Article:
Determinants of Surgical Site Infections Following Pancreatoduodenectomy.
World J Surg. 2015 Jun 10;
Authors: Barreto SG, Singh MK, Sharma S, Chaudhary A
BACKGROUND: Surgical site infections (SSI) following pancreatoduodenectomy (PD) contribute to adverse perioperative and long-term outcomes. Hence, the need to determine the modifiable factors related to their causation.
AIM: To identify demographic, nutritional, surgical and histopathological factors significantly associated with incisional SSIs.
METHODS: 35 out of 277 patients (12.6 %) developed SSIs. No demographic (age, sex, BMI), nutritional (serum albumin), surgical (pancreatic duct size and texture, surgical duration and intraoperative blood transfusions) and histopathological factors (malignancy vs. benign) were noted between the two groups. However, SSIs were significantly higher in patients with endocrine co-morbidities (other than diabetes mellitus), in those patients who had undergone prior ERCP and stenting, as well as an end-to-side pancreaticojejunostomy. Patients with diabetes mellitus had a significantly lower incidence of wound infections (P = .014).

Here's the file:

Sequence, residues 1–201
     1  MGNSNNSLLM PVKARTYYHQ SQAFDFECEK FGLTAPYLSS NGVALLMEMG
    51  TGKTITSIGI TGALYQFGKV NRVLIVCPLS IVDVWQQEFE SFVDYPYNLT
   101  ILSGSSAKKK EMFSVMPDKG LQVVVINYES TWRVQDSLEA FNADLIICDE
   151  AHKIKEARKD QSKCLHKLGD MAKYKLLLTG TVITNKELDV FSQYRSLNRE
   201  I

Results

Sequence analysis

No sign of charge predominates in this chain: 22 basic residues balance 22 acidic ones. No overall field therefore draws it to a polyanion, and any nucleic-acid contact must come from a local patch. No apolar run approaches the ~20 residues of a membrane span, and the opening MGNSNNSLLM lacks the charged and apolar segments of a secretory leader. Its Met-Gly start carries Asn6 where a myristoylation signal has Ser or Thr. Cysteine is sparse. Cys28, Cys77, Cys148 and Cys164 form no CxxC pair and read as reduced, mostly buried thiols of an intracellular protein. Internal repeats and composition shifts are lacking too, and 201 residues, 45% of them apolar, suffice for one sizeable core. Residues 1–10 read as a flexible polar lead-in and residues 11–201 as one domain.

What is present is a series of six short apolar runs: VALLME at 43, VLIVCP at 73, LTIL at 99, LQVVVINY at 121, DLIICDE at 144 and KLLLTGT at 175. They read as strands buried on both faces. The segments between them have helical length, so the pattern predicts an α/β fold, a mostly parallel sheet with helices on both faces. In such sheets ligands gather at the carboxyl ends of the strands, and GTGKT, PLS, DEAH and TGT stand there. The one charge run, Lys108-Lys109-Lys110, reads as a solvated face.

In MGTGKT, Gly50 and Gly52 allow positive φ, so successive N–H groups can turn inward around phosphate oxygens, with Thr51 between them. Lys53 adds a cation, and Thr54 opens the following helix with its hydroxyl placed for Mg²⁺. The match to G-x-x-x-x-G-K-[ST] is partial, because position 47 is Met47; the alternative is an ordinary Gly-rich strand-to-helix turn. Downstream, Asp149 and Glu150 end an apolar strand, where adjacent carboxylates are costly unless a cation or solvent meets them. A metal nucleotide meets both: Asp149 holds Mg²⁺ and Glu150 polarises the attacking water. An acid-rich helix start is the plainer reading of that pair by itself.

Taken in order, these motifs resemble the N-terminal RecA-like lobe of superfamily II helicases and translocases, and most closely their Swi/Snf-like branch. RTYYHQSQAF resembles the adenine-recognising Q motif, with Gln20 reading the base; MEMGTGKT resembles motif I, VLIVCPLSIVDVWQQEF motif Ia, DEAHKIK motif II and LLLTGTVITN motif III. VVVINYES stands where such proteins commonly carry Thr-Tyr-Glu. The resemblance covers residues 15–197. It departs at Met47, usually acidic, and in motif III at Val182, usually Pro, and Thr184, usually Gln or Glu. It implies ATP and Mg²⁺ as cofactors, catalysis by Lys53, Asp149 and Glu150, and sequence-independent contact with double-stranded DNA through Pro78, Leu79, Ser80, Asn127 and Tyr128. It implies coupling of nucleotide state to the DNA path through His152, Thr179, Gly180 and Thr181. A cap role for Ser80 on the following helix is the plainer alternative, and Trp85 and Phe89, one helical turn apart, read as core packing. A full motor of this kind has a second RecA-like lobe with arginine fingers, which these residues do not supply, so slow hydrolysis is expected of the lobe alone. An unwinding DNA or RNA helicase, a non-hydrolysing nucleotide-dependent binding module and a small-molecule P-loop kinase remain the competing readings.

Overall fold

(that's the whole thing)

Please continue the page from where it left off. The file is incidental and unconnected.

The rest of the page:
RESULTS: A retrospective analysis of a prospectively maintained database of consecutive patients who underwent PD for pancreatic and periampullary lesions at a tertiary care referral centre, between April 2010 and June 2014 was carried out. Patients were divided into two groups based on the SSIs (Group 1-No SSI; Group 2-with SSI). All patients were administered three, once daily doses of Ertapenem (1 g) as follows: within 1 h prior to induction, and on day 1 and day 2 following surgery. No further antibiotics were given prior to discharge unless clinically indicated.
CONCLUSION: Preoperative ERCP and stenting, end-to-side PJ and the presence of non-diabetic endocrine co-morbidity may result in a significantly higher risk of SSIs. Further studies targeting these patient subpopulations are warranted to enable a better understanding of how these factors contribute to the incidence of SSIs following PD.
PMID: 26059408 [PubMed - as supplied by publisher]